In FY20, APHIS encountered about 22.5 million animals while responding to calls for assistance and dispersed nearly 21 million wildlife from urban, rural and other settings where they were causing damage. APHIS dispersed almost 93 percent of the animals encountered. Not all conflicts can be resolved with nonlethal methods alone. Of all wildlife encountered, WS lethally removed 6.7 percent or 1.5 million, in targeted areas to reduce damage. Invasive species accounted for 71 percent (1,075,704) and native species 29 percent (433,192). Of the wildlife lethally removed:
- 74 percent were either an invasive species or a native blackbird listed on the U.S. Fish and Wildlife Service Depredation Order due to the damage they cause.
- The invasive species removed included more than 15,000 brown tree snakes on Guam, 113,331 feral swine and 790,000 European starlings.
- Of native wildlife lethally removed, 62,700 were coyotes. Coyotes reportedly kill more than 300,000 head of livestock annually and injure even more.
- 57,000 were native Northern pike minnow that APHIS removed to protect federally threatened and endangered salmon and steelhead in the Pacific Northwest.
Where WS uses lethal control, APHIS works to make full use of the resource which includes the donation of 129 tons of goose, deer/elk and other meat – nearly 1 million servings of protein – for people in need.
In FY 2020, APHIS used $83.9 million in appropriated funds to help manage wildlife damage operations in every state and territory and to support special programs, such as managing feral swine damage and rabies in raccoons and other wildlife. APHIS also received funding from program cooperators, including federal and state agencies, counties, agricultural producer groups, other organizations, businesses and individuals. This allows the program to maximize its scope and effectiveness. During FY 2020, WS received $101.6 million in cooperator-provided funding (55 percent) for field-based operational wildlife damage management.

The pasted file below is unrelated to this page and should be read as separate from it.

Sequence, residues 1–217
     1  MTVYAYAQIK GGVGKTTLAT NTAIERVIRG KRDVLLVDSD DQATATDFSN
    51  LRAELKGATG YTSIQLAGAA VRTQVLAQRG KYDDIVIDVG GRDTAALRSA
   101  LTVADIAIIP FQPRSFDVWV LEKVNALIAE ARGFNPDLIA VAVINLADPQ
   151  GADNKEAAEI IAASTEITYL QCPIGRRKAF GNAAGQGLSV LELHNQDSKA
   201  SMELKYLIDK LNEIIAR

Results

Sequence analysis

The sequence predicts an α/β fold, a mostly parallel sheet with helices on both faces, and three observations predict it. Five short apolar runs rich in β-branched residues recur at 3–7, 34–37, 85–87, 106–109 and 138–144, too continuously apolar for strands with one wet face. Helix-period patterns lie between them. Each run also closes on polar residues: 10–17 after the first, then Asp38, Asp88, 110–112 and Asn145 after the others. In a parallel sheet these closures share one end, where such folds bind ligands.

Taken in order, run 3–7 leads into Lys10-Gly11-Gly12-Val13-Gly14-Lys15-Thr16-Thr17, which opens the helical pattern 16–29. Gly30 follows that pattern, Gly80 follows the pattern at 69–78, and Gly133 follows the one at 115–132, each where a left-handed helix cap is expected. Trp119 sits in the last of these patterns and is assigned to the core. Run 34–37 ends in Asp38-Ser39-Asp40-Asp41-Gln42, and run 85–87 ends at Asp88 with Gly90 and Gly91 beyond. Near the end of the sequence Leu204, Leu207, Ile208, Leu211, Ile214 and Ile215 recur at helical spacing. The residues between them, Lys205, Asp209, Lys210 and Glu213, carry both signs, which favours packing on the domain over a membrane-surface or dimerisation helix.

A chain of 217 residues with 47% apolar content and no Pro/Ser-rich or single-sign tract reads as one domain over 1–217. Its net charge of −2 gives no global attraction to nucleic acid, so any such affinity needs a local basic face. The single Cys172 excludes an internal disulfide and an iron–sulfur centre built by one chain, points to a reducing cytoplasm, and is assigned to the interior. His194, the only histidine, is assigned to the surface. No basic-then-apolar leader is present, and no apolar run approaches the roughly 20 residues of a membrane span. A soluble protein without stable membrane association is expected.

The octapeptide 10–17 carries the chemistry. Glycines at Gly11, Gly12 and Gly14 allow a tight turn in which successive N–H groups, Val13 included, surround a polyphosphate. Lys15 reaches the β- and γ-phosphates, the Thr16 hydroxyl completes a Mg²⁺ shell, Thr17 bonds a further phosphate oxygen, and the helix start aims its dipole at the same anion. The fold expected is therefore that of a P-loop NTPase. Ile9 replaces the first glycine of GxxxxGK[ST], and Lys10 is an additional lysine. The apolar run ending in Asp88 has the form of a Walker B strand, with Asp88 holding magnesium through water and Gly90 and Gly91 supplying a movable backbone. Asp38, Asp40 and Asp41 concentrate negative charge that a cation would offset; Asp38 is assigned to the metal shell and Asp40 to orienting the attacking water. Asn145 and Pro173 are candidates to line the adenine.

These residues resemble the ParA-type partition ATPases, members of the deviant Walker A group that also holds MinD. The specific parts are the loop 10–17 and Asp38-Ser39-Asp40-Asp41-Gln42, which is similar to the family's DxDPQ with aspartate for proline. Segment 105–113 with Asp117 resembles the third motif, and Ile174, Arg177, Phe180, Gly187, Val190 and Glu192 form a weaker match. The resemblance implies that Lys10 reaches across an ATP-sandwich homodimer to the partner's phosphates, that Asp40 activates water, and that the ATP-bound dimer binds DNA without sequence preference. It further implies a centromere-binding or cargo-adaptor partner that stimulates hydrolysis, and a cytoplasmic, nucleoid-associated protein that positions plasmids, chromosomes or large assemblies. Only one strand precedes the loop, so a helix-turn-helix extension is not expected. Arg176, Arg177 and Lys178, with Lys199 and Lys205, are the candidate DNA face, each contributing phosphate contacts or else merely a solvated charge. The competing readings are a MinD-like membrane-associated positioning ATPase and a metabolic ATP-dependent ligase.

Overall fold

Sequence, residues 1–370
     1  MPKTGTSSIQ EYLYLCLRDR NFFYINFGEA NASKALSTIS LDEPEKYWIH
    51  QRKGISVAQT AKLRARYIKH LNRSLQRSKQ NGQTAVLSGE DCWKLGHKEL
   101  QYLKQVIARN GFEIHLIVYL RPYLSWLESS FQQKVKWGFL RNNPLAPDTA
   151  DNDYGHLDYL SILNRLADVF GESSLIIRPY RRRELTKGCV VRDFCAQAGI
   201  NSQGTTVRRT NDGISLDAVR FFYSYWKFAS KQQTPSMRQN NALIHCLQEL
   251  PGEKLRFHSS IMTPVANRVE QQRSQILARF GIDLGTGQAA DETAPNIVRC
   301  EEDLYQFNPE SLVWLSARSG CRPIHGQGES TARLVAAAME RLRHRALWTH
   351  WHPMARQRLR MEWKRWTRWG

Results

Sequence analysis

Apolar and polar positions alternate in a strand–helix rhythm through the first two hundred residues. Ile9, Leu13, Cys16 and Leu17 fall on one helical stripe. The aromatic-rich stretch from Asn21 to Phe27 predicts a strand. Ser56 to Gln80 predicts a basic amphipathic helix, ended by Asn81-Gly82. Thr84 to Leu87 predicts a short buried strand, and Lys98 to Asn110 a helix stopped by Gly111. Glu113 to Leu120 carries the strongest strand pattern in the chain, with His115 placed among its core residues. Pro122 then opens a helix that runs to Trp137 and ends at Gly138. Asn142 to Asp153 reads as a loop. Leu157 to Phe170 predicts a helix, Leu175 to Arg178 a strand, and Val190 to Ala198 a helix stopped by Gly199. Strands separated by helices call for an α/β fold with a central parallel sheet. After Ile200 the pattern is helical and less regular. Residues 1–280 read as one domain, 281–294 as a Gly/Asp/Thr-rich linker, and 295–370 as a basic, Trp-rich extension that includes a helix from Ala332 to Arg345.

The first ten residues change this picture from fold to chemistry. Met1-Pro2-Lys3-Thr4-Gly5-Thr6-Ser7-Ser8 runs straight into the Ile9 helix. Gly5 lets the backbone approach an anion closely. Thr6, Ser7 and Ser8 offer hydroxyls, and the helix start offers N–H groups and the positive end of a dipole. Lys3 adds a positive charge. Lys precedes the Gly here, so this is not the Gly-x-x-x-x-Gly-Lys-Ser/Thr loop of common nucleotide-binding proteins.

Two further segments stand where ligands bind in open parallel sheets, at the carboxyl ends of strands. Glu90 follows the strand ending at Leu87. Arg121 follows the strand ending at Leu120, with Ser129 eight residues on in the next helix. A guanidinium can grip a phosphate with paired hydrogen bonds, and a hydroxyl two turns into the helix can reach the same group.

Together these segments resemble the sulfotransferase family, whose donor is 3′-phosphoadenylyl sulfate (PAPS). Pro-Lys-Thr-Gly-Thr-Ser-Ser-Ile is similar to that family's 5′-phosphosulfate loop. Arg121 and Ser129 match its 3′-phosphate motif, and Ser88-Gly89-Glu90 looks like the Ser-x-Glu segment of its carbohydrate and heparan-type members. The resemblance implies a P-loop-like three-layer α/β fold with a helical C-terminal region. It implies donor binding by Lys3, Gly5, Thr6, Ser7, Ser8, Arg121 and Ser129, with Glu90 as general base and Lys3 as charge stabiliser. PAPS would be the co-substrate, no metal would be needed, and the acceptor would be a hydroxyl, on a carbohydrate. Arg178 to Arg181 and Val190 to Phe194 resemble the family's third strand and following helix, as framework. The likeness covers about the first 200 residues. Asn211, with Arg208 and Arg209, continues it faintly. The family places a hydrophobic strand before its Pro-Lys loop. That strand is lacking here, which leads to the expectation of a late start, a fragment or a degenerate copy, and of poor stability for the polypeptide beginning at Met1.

APHIS used almost half (43 percent) of WS’ operational funding for field activities to reduce or prevent wildlife hazards to human health and safety, such as wildlife collisions with aircraft and disease transmission. APHIS spent about one-quarter (28 percent) of its funding to protect agriculture, including livestock, row crops, aquaculture and timber. APHIS spent the remaining 28 percent on protection of property and natural resources, including threatened and endangered species.
Click Here to learn more.
SheepCast: Guest Herders, HAULS Act & Appointments
This week’s American Sheep Industry Association SheepCast takes a look at passage of the Farm Workforce Modernization Act, the Senate introduction of the HAULS Act for livestock haulers, and the Land and Water Conservation Fund.
Click Here to listen the podcast.
NLFA Plans Trailblazers Tour for Fall
The National Lamb Feeders Association is once again looking to partner with the American Sheep Industry Association’s Young Entrepreneurs and the American Lamb Board for the next generation of sheep industry leadership school.